*Knitting 30-plus scarf & hat sets by Christmas for daughters (I do call my daughters-in-law, “daughters,” too, because they are dear to me), sisters, nieces, etc. I was given a huge amount of lovely yarn, and I’m aiming to use up much of it in the process. Plus, knitting at least a dozen men’s hats for sons, nephews, brothers-in-law, etc. for Christmas.

*Then, there is family: time spent with husband, kids, grandkids, friends, my mom and other family members. And art – I want to paint at least 2 new pieces of cover art this summer. And visits – I’ve fallen behind on my visits due to a 2017 and 2016 filled with trips to NC and SC to help older relatives who were dying. Wait, I’ve forgotten gardening! My gardens so need work. And the birds – feeders need to be repaired or replaced and birdhouses need to be hung.

I could (and should) go on. But I hope you get the idea.

I encourage you to look at your life. List what you are doing and what goals you can set for yourself. Can’t think of anything to do? Check out the volunteer opportunities in your area. I challenge you to astound yourself!

 

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“Your heart knows the way. Run in that direction.”–Rumi

In the bustle of our hectic lives, writers sometimes loose their sense of direction: A blog and/or website to maintain. An online presence to keep up-to-date (Goodreads, Twitter, Facebook professional page…) Reviewers to locate, query, and send copies of our books to — then, if a review is done, thanking the reviewers. Keeping our Amazon Author’s Page current. Appearances, whether book signings or presentations. Guest blogs. Oh, and writing new fiction (or poetry or nonfiction).

That last item on the list is the most important. Writers should be writing. Your mind and heart both know that is where your passion is and where your time should be spent. When an author is successful enough, she can hire someone to do everything else — but the author must do the writing.

As to what to write — again I refer to the Rumi quote: listen to your heart. Maybe writing book reviews and hosting guests on your blog gives a writer more visibility, but is that your heart’s desire? Would you really rather be working on your next story, book, or poem? If you answer, “Yes, I’d rather be working on my own writing,” then you need to cut back on the distractions and get back to your work.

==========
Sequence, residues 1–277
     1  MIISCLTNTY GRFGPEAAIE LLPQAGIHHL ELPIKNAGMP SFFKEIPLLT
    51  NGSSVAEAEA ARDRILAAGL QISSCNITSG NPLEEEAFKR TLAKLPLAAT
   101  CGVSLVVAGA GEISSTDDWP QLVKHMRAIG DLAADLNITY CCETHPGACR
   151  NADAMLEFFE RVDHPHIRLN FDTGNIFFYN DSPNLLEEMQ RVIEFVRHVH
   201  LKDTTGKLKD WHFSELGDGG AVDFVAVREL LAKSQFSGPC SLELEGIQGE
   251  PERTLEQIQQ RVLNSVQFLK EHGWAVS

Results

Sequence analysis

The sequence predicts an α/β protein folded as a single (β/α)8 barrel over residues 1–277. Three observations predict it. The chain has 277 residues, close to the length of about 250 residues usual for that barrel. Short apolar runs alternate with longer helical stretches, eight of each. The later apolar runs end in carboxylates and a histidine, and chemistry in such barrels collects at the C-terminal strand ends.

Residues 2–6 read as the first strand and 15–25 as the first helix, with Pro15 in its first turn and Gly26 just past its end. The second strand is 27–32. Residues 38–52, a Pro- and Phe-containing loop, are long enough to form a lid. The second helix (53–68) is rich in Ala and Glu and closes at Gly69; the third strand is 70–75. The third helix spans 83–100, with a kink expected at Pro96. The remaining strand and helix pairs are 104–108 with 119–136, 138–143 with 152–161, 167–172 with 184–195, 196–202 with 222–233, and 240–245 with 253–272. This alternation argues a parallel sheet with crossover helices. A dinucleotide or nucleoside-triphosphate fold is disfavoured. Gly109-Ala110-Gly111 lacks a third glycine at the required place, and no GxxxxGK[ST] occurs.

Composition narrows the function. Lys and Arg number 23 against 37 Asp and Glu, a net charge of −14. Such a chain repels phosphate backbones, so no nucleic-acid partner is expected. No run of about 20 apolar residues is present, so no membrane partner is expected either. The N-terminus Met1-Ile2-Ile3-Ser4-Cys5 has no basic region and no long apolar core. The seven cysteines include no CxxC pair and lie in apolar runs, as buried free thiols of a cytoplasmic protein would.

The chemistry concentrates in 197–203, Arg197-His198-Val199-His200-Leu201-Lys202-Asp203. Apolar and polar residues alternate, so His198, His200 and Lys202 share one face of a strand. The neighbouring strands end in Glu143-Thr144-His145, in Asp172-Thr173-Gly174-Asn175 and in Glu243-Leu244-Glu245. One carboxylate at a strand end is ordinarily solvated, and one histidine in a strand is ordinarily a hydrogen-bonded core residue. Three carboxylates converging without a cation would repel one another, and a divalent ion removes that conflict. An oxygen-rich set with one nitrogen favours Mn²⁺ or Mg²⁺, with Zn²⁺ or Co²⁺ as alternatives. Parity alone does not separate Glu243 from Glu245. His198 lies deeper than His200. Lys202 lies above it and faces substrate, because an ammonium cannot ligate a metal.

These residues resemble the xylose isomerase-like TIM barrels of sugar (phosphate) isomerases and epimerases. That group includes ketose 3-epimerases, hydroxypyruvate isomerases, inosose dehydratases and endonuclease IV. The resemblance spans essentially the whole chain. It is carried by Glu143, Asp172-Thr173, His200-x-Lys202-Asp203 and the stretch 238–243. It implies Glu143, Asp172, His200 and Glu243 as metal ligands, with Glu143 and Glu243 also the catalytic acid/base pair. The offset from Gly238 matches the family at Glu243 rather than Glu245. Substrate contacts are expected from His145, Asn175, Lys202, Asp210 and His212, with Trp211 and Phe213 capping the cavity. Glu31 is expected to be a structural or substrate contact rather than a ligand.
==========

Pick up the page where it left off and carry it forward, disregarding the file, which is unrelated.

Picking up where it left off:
So I say to writers, run in the direction of the next piece of your writing. Your readers are waiting and your heart knows the way — so run to your keyboard or pad of paper and write!

 

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152 “A wise man will make more opportunities than he finds.” – Francis Bacon

Francis Bacon’s statement is true for all of us (regardless of gender). Opportunity does come knocking occasionally, and sometimes chances for success appear serendipitously in our inboxes, but more likely we must create our opportunities.

As a writer, I can sit back and wait for editors of anthologies to ask for my stories – which is lovely when it happens, but still a rare privilege for me. Or I can research markets, locate opportunities, and either write a new story for an antho or check my files for an appropriately themed piece of fiction to send.

I can check my email and phone messages for bloggers and reporters begging for an interview or a feature, or I can get online and look for blogs which might be a good fit for me and my book/books. Then, I can write a query letter and go through the process to “land” an interview, guest blog slot, or feature.

I can sit on my sofa and wait for a bookstore manager to contact me for a book signing, or I call the bookstore, find when the manager has a moment to chat, stop by, and see if a book signing (whether individual or with a group of other authors) is something we can make happen.

I can slump in an armchair and moan because lots of writing conference organizers aren’t calling me to appear and lead workshops, or I can contact the people in charge of writing conferences and ask about the process for presenting a program at their next conference.

I can sigh loudly and lean my chin on my hand while gazing out the window wondering why more science-fiction/fantasy cons are not inviting me to be a panelist or I can find out who is inviting guest authors/editors to various sf/f/h cons and learn what I have to do to get an invite.